economics: the corporation


Corporate Personhood

(Transcript of talk given at LaRoche College, March 27, 2008, Pittsburgh, PA)


How many of you feel you might have a genetic disposition to diabetes? Well, guess what? That gene, or gene sequence, probably does not belong to you. It likely belongs to an Australian biotech firm called Autogen.

This didn’t become common knowledge until November of 2000, when the corporation entered into talks with the government of Tonga to conduct genetic research on the people of that island nation, research that coincidentally would have granted the corporation legal ownership of any genetic material it catalogued.1

Naturally, the people of Tonga had no idea this was going on, yelled bloody murder, and put a stop to it.2 But by then, the cat was out of the bag, and the whole world began to discover what biotech firms had been doing for years: Bioprospecting, they call it: “discovering” (the way Columbus “discovered” America) genetic materials from plants, animals, and unsuspecting humans and patenting it. What we people call “bio-pirating.”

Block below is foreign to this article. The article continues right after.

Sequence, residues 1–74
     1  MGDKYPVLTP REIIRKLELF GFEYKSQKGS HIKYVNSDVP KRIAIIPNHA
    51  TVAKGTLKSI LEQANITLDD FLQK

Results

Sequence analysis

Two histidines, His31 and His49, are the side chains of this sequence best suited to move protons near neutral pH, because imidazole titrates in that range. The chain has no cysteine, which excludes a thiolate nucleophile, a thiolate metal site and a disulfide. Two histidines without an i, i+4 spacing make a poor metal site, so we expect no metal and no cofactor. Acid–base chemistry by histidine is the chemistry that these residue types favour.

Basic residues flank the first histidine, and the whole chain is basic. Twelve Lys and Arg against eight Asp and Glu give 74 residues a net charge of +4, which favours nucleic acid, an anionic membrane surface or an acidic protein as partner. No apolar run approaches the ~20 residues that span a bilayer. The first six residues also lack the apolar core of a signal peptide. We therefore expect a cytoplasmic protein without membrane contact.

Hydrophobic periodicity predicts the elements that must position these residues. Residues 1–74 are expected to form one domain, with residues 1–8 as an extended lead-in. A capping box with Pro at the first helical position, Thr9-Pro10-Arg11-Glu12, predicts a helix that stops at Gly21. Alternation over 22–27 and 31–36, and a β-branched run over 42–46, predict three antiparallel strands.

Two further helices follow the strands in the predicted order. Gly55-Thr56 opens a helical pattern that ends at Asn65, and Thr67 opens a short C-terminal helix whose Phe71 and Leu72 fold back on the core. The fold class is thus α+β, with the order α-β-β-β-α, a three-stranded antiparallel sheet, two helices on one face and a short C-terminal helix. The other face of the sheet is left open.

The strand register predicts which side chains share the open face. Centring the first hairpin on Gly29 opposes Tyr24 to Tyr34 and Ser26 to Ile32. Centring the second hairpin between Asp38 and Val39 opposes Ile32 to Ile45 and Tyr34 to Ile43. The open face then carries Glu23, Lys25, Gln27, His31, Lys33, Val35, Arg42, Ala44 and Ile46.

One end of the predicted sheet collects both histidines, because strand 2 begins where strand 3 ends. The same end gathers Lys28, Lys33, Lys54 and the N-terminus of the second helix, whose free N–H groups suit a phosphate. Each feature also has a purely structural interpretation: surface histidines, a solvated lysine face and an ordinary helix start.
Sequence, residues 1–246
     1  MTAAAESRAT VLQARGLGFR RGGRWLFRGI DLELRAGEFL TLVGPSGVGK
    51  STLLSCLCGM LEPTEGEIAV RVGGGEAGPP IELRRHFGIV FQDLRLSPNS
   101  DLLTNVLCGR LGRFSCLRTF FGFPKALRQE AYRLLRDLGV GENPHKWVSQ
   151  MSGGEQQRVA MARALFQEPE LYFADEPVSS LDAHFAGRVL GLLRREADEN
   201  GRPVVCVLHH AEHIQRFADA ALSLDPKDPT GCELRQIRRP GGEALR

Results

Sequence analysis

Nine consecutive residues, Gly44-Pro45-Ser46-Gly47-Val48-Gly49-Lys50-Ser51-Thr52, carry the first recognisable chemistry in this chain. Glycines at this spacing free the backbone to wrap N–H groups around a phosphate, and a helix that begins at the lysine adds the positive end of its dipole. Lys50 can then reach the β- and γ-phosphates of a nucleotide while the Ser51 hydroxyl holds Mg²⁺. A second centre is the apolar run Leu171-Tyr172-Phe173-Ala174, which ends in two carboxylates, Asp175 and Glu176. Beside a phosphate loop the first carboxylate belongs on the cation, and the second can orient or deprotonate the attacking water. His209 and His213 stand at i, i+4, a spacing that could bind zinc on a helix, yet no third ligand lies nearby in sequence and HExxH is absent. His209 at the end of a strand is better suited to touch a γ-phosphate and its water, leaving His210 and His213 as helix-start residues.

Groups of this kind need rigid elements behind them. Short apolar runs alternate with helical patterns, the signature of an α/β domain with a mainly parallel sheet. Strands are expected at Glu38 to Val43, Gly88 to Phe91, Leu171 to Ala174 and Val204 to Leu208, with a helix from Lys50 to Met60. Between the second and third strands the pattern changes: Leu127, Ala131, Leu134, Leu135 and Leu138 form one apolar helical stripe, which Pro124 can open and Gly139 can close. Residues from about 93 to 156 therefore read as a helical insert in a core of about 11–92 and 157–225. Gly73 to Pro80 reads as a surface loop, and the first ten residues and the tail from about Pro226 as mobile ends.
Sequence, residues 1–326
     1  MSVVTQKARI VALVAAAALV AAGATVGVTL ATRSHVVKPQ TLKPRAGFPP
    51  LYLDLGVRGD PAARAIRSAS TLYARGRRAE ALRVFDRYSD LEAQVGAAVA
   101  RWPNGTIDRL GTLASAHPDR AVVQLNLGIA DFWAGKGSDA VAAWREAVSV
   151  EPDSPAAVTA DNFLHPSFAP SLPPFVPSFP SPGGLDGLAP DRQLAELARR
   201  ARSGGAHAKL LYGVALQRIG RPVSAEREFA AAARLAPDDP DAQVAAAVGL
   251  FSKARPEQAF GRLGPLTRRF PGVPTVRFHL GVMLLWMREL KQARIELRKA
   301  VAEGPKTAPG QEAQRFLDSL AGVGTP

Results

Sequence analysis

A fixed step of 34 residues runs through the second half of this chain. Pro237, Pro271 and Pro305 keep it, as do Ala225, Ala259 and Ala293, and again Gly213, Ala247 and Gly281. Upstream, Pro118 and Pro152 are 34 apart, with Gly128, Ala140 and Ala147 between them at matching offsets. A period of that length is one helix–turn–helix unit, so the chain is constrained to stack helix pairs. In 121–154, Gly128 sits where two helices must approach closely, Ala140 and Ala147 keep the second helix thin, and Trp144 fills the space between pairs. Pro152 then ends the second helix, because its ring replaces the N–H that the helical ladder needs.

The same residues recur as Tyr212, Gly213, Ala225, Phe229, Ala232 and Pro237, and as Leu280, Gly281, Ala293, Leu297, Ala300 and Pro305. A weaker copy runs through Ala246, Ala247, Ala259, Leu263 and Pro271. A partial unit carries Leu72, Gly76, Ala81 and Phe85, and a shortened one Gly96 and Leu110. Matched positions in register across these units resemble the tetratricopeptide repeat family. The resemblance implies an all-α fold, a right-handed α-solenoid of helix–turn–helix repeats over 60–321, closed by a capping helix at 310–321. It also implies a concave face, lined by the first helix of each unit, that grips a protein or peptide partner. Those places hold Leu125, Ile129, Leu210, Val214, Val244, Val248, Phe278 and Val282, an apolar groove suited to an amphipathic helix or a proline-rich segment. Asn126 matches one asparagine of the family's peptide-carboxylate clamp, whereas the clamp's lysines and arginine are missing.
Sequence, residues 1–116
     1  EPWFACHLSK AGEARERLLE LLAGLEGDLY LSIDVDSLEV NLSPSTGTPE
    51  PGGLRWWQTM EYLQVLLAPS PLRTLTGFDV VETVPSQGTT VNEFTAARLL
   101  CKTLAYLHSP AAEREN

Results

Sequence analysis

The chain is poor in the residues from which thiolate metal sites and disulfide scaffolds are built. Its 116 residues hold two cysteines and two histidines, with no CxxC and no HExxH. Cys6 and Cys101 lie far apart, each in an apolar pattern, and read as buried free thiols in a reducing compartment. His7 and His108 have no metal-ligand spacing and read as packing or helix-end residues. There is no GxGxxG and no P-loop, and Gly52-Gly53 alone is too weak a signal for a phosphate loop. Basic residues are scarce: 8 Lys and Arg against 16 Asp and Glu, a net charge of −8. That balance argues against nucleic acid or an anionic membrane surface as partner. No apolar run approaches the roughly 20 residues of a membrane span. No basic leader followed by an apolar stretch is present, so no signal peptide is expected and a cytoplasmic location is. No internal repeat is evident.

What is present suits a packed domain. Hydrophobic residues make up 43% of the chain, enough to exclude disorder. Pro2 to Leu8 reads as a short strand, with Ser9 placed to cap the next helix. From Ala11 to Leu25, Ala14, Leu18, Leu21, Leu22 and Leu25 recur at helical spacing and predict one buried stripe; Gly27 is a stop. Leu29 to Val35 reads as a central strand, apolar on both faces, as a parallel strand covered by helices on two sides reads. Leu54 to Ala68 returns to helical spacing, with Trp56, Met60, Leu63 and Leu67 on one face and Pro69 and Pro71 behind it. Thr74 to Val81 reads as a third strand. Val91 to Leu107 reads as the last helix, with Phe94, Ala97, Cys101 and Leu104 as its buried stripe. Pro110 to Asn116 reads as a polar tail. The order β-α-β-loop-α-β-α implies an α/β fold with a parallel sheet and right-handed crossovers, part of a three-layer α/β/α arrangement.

So how is it possible that our world has reached such a stage that the stuff of life itself, and the stuff of our own bodies, is now owned by profit-driven entities called corporations? How did we reach the point that corporations now have rights that far surpass the rights of any mere mortal.

Well, let’s go back a few hundred years:

Our Constitution was written by an elite class of white male property owners who viewed the rest of us as “the mob at the gate.” They did not believe in democracy for all, or in a democratic system of representation. They wanted a Republic wherein an elite class could maintain control and have the final say in all decisions. So even though we have a Bill of Rights to protect basic freedoms for those granted full citizenship, the Constitution was written to protect property and capitalist enterprise, not human rights.

However, because of the colonists’ experience with British corporations which were chartered by the King, and which were given the power to raise armies, levy their own taxes, and wield tremendous power over the colonists, the Constitution gave control of corporations to individual states.3 This ensured close regulation, adherence to local laws and tight control of entities prone to abuses of power.

Even more importantly, corporations could not obtain a charter to exist unless they could prove that their profit-making enterprises also benefited the public good.4 When corporations violated these terms, their charters were frequently revoked by state legislatures.5,6